Monday, March 26, 2007

Every man is the architect of his own fortune.

At level 24, I've already made a good deal of progress, so I'd like to take a minute, just sit right there, and I'll tell you how I became the prince of a town called Bel-Air.

...wait, let me start over.

Before I rolled the character, I had several choices to make. I wanted to hit the ground running with a plan in mind, so I had premeditated my choices for race, profession, pet, and gear to some extent.

Realistically, I've chosen my race very poorly. Trolls get passive health regeneration, +5% to beast slaying, and berzerking. Orcs have blood fury, resistance to stuns, +5% to your pet's melee damage, and +5 to axe skill. Tauren have war stomp and +5% to max health, and Blood Elves can manage weaponless ranged pulls by using Mana Tap. Meanwhile on the Alliance side, Night Elves have +1% to dodge, Draenei have a racial HoT, and Dwarves have stoneform. It should be obvious that any of the Horde races would have been a superior choice, but I'm just not comfortable playing that faction. So between the Alliance races, none of my choices were outstanding, but I opted for stoneform. Besides which, the personality I was imagining for this character simply seemed to suit a Dwarf better.

Leatherworking as a profession was an easy choice. Since I'd be avoiding instances, the ability to craft my own gear was not only convenient, but a necessity unless I planned to rely only on world drops, quest rewards, PvP gear, and auction house buys. Since I have an aversion to PvP, it was plain that not taking up leatherworking would have been grossly irresponsible. I decided that in the event that I simply had to attend battlegrounds for the sake of obtaining gear, working for trinkets and weapons would be a lot less demanding than working every 10 levels for a full set of armor.

I do carry ranged weapons, but only for the sake of stats. My current ranged weapon is a quested crossbow with +1 agi/+1 str. In-character I explain my willingness to carry a ranged weapon as a sort of sentimentality. In reality it's because I need the agility and strength on it.

Stat-wise, I found that agility was my number one stat to pursue. There are very lengthy discussions about this on WoWWiki, but the short of it is that a hunter gets +attack power, +crit, +armor and +dodge from agility. Stamina is my secondary stat, since it's necessary for me to have aggro (more on this in a bit). Strength can (and should!) be neglected in favor of agility, since for a hunter 1 str adds the same attack power as 1 agi, and 1 agi raises so many other stats besides just AP.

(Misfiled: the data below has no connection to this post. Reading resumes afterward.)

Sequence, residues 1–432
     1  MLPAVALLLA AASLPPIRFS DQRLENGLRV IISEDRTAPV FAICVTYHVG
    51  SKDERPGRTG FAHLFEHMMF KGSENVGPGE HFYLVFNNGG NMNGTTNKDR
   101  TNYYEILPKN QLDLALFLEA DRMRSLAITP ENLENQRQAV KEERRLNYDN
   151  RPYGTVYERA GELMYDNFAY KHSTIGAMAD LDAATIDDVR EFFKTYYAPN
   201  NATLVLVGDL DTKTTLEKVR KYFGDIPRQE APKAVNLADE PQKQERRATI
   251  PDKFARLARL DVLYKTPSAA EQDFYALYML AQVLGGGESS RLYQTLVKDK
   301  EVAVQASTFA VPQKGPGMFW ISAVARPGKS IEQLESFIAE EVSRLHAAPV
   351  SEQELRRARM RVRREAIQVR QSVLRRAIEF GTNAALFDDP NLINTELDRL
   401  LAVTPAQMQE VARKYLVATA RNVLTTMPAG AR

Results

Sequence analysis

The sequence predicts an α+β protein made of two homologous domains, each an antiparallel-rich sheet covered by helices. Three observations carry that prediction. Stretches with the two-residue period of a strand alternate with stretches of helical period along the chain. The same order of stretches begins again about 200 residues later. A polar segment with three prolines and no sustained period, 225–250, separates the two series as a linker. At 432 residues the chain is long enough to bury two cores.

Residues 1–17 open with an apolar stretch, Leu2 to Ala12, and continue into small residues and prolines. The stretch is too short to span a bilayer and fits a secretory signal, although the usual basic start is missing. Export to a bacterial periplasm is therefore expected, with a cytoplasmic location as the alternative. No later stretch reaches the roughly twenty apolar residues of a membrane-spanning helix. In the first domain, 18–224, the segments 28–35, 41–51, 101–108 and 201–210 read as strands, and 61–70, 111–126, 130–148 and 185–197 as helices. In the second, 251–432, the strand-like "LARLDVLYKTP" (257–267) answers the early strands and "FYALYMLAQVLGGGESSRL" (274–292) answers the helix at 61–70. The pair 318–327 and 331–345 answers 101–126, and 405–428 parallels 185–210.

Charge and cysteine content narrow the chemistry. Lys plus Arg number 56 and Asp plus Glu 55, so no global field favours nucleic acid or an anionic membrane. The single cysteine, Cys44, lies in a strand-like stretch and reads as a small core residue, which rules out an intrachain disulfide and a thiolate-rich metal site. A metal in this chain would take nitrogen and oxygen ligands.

Why is it necessary for me to have aggro, and not my pet? To understand that we have to look at the hunter's melee attacks. Raptor Strike can be dished out once every six seconds, regardless of who has aggro. Wing Clip has no cooldown, but deals so little damage it can't rightly be considered a viable attack -- it's purely a crowd control mechanism. The remaining melee attacks are Mongoose Bite, which can only be used after you dodge, Counterattack, which requires that you parry, and Kill Command, which can be used whenever you've landed a crit. So if you do not have aggro, you will never be able to perform a Mongoose Bite or a Counterattack, because you will never have the opportunity to dodge or parry.

An alternate approach would be to put a lot of points into Beastmastery to boost my pet's dps and rely only on Raptor Strike and Kill Command. In my opinion, this is not viable for the "melee hunter" project, because at this point, it's the pet that's meleeing, with the hunter acting in a support role. Besides which, Kill Command isn't learned until level 66, and it seems unrealistic to claim you've been a melee hunter for 66 levels when your pet has killed everything for you while you back it up with white damage and a Raptor Strike every now and then.

The necessity of maintaining aggro also influenced my choice of pet. I looked over Petopia. Clearly none of the defensive pets were an option, because I don't want a pet that maintains aggro. Similarly a high-dps pet seemed like a poor idea; I was concerned that even without the pet Growling that its dps would outdo mine and draw aggro that way. So I looked at the "well-rounded" catalog. I was sold on the wolf: the only pet with the Furious Howl ability, a buff to both hunter and pet that increases melee damage dealt.

With leatherworking and skinning, a pet that eats meat, a need to cook to buff my stamina and regenerate health, the Monster Slaying talent available in the Survival tree, and various beastslaying enchants out there, I anticipated a lot of synergies happening that practically begged that I focus my efforts on grinding on beasts. And so I have, which is how I've gotten artisan skinning at level 24, and I'm ready for the artisan cooking quest. The quest in the Wetlands that rewards you with a leather chestpiece, the Raptorbane Armor, that adds 30 AP when fighting beasts was awesome for me.

That's been the plan, and I've largely stuck to it. Thus far it's been a really positive experience, and pretty smooth. I don't feel like I'm gimped. Rather, it all seems pretty natural.

Next post I'll talk about some of the things I discovered as I've leveled, including thoughts on dual-wield, stoneform, and using traps in melee.

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